With a little more than a week before "Joker" is set to be released, Warner Bros. has finally weighed in on the mounting controversy surrounding the R-rated adaptation of DC Comics' villainous clown prince of crime.
Since its debut at the Venice Film Festival in August, "Joker" has drawn both criticism and praise for its depiction of the comic book serial killer. Many film critics compared the Todd Phillips-directed movie to Martin Scorsese's "Taxi Driver," calling it a modern-day masterpiece.
"Taxi Driver," which was released in 1976, follows a disturbed loner (played by Robert DeNiro) who becomes obsessed with the idea of saving the world. First he plots to assassinate a presidential candidate but ultimately turns his attention to rescuing a young prostitute from members of the mob.
Joaquin Phoenix, who portrays the titular character in "Joker," has been widely praised, with many calling his performance Oscar-worthy.
Others, however, have questioned whether the film, which depicts mass murder, could unintentionally be portraying Joker as a heroic or inspirational figure.
"Joker" follows an aspiring stand-up comedian whose mental health issues and isolation from society lead him to a life of crime. In the film he inspires others to engage in violent acts, which leads to a bloody climax.
While Warner Bros. had remained mum on the subject, an open letter written by the family members and friends of victims of the 2012 mass shooting at a screening of "The Dark Knight Rises" in Aurora, Colorado, has prompted a response from the studio.
The letter supported the company's right to make the film and its freedom of speech but called upon the studio to get involved in the gun control movement.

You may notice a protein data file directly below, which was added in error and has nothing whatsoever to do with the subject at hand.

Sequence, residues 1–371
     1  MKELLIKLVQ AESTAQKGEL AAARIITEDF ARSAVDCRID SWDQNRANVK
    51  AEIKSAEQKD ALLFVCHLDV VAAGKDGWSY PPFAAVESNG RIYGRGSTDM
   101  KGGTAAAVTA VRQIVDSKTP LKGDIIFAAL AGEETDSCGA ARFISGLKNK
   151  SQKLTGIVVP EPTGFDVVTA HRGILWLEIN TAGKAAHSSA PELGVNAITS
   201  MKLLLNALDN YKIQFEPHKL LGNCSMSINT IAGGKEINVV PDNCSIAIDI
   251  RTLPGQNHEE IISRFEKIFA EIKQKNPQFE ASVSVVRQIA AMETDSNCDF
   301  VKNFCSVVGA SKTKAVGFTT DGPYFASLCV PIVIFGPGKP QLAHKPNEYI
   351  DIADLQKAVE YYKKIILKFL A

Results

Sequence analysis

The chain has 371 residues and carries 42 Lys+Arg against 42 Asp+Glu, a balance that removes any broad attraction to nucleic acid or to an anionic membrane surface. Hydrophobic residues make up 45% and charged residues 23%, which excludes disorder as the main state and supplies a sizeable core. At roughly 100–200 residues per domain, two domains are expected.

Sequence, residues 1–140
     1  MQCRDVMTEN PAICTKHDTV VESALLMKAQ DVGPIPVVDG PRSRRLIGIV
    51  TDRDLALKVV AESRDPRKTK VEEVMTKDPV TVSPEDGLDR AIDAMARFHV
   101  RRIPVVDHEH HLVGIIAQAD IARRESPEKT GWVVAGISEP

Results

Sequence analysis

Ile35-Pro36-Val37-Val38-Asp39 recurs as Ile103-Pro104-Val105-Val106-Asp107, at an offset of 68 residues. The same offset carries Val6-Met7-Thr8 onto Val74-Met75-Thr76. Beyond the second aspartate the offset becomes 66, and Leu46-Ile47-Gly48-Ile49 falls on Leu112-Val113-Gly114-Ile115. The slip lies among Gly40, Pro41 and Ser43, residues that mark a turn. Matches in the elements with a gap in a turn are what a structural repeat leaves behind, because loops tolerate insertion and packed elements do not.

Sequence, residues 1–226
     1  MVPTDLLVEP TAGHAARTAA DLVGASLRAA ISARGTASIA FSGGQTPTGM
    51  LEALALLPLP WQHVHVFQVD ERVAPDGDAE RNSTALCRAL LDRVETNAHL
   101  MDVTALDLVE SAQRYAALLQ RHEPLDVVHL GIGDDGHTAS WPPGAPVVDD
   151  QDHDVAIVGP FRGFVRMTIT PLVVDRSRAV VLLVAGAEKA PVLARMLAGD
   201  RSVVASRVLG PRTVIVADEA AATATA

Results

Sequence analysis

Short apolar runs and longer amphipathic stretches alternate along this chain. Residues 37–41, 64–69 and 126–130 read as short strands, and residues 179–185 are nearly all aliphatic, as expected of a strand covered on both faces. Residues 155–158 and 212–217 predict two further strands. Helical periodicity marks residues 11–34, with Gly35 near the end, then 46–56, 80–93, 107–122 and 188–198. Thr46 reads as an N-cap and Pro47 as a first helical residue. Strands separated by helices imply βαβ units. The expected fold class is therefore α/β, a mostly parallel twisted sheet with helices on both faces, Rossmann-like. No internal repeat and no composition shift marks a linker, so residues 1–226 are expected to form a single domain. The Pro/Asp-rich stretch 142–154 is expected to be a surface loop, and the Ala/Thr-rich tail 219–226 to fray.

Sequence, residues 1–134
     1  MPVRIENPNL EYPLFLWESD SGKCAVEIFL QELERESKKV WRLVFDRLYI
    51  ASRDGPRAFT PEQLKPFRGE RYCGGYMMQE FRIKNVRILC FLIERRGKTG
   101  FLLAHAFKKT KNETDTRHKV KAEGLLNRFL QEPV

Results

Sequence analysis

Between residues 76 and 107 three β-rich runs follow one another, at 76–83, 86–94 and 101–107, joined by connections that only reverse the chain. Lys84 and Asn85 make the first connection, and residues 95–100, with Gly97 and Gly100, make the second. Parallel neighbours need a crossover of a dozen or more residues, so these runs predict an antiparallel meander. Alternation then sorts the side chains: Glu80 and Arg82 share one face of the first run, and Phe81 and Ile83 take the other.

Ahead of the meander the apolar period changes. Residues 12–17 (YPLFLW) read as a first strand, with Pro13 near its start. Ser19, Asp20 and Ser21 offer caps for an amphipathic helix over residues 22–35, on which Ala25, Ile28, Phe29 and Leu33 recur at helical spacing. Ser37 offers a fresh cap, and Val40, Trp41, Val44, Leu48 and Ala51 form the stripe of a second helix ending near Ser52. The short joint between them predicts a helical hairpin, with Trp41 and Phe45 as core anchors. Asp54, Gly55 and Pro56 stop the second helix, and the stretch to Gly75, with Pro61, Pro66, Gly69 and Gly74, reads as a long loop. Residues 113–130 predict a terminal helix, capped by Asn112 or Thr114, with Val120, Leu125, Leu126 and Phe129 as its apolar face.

Warner Bros. said in a statement Tuesday that gun violence is a critical issue and that the studio has a long history of donating to victims of violence. It also noted that it had joined other business leaders to call on policymakers to address the epidemic.
"Make no mistake: neither the fictional character Joker, nor the film, is an endorsement of real-world violence of any kind," the statement said. "It is not the intention of the film, the filmmakers or the studio to hold this character up as a hero."
Warner Bros. did not immediately respond to CNBC's request for additional comment.
Similarly, Phillips, the film's director, has said that the film does not excuse Joker's behavior.
"Joker" arrives in theaters on Oct. 4. Currently, the film has a Rotten Tomatoes score of 76% from 112 reviews.
Here is Warner Bros.' complete statement:
"Gun violence in our society is a critical issue, and we extend our deepest sympathy to all victims and families impacted by these tragedies. Our company has a long history of donating to victims of violence, including Aurora, and in recent weeks, our parent company joined other business leaders to call on policymakers to enact bi-partisan legislation to address this epidemic. At the same time, Warner Bros. believes that one of the functions of storytelling is to provoke difficult conversations around complex issues. Make no mistake: neither the fictional character Joker, nor the film, is an endorsement of real-world violence of any kind. It is not the intention of the film, the filmmakers or the studio to hold this character up as a hero."